Looking over at Clark, noting the blood-stained bandages, Jimmy came crashing down from his high and got a concerned look on his face, “How are you doing, CK? The Sheriff had me so busy I really didn’t have much time to breathe, let alone see how you were. And Lois, did I hear you say something about a husband?”

Before either spoke, Lois reached over and took Clark’s hand in hers. Clark said, “It wasn’t really a serious wound. I’ll recover.”

Lois spoke up, “Yeah, Jimmy, you heard right. Clark and I were secretly married.”

“Wow, guys, that’s great! How’d it happen?”

Clark spoke up, “Oh, I don’t know, the usual way, she fell for my irresistible charm and devastating good looks.”

Jimmy was laughing as he went on.

“I just swept her off her feet at the Corn Festival. Actually, I don’t know if it was me she fell in love with first, my folks or Smallville in general. There is this ambiance …”

Lois chimed in, switching her attention from Jimmy to Clark’s parents and then Clark, “I have to admit, I like Smallville and I love your parents, but I think I fell in love with you first. All of those late night stakeouts, eating cold takeout and drinking even colder coffee. No, I guess it was the movie marathons over at your place that did it.”

“You guys are too much,” Jimmy said, still laughing. I didn’t know that stakeouts were so romantic!”

Lois gave Clark’s hand a squeeze, laughed and said, “I guess it all depends on who you are on the stakeout with. With the right person, any activity can be romantic.” She pulled his hand up and kissed the back of it, “Right, Clark?”

Clark smiled and replied, “Who am I to contradict my partner?”

“CK, really, now, how badly were you hurt? When I was taking the pictures, I was concerned about the amount of blood I saw.”

Martha spoke up, “Clark won’t tell the straight story, too macho. One of the bullets gave him a flesh wound. It scored a track across his upper arm. The other passed through the fleshy part of his shoulder just below the collarbone. He’s lucky it didn’t nick the aorta or his lung. It was a close one.”

Jimmy was worried now and it came out in his voice, “You are going to be okay, aren’t you?”

Clark said, “Yeah, Jimmy, I’m gonna be just fine. It’ll take some time, but no lasting harm.”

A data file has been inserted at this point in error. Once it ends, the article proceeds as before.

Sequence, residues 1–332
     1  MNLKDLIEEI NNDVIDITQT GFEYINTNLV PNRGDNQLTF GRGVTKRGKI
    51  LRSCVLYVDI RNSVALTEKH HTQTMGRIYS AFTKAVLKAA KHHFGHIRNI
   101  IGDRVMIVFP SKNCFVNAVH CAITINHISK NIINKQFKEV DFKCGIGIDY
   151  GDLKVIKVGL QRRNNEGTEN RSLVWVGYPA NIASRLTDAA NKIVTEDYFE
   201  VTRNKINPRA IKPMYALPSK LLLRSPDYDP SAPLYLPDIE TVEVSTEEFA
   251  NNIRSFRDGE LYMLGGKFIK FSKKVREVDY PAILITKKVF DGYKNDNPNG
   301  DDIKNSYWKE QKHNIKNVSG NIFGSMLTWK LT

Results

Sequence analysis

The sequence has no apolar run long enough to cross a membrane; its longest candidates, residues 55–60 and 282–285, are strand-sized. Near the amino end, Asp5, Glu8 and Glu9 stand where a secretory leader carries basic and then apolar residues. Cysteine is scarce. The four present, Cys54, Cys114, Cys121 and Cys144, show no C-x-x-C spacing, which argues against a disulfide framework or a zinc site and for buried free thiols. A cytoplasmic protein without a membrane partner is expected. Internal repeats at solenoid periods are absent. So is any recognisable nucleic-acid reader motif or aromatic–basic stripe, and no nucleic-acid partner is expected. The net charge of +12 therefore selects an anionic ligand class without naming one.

Martha asked, “Who would like some iced tea?”

Jimmy answered, “I’d love some, but I don’t have much time. I have to get to the airport.”

After receiving affirmative replies from the rest she went into the house and brought out tea and glasses on a tray.

Over the tea they discussed the story. As soon as he finished his tea, Jimmy left because he had a red-eye flight out of Wichita to catch.

Once Jimmy had departed, Herb returned and he finished filling them in making sure that he didn’t give them any specifics as to how it was done. Once that was finished, Herb announced that he was going to depart, but before he could Clark stopped him. “The other night, Lois was talking in her sleep and said something about a baby.”

As soon as he heard this question, Herb realized that a mistake had been made and that he would have to give them some details of the procedure that he had glossed over. “Oh, dear, oh, dear, oh, dear. It would appear as though my calculations were off, slightly.” At their questioning looks he decided that more detail rather than less was needed. “In order for Lois to have the motivation needed for her to rescue you, I have been using a device we call a Soul Tracker. It is capable of following the soul essence through time. Using it I was able to infuse memories of her future life into Lois’ subconscious mind to influence her actions. It is possible that in her sleep the subconscious memories came to the fore in the form of a dream. Rest assured that those are her actual memories. If she was talking about a baby that means that I used a set of memories from the wrong year. The memories were supposed to be from before any children were born.”

Lois marveled and with a happy smile asked, “Then we will have a baby? You know, I never wanted children, until now. Now that Clark and I are together I know what our family will be like,” she looked around significantly at Jonathan, Martha and Clark, “and I want that family.”

Jonathan and Martha looked at each other and smiled as the same thought hit both of them at once — grandchildren.

Herb smiled as he replied, “My Dear, you are destined to have a large family. In very fact, your family, you, Clark and your offspring will be instrumental in bringing about the existence of Utopia in this universe.”

Clark smiled, “How large?”

“I’m sorry, that would be too much information, too soon. Perhaps I shouldn’t have told you as much as I have as it is. Well, I really must depart. I may drop in on you in the future, just to check in and see how things are progressing.” Herb stood and pulled a device from his pocket. He punched some buttons and suddenly a doorway appeared in the air in front of him. He turned and said, “Ciao,” stepped through and was gone.

After he left, Lois pulled out her cell phone and called the Planet. When the phone was answered, the familiar southern drawl that was always a comfort to her ears, except when he was telling her that an assignment was too dangerous, came through the speaker, “Daily Planet, Perry While.”

“Perry? Lois.”

“Lois, Darlin’, I’m glad to hear from you. What’s goin’ on out there? Did you find that farmer?”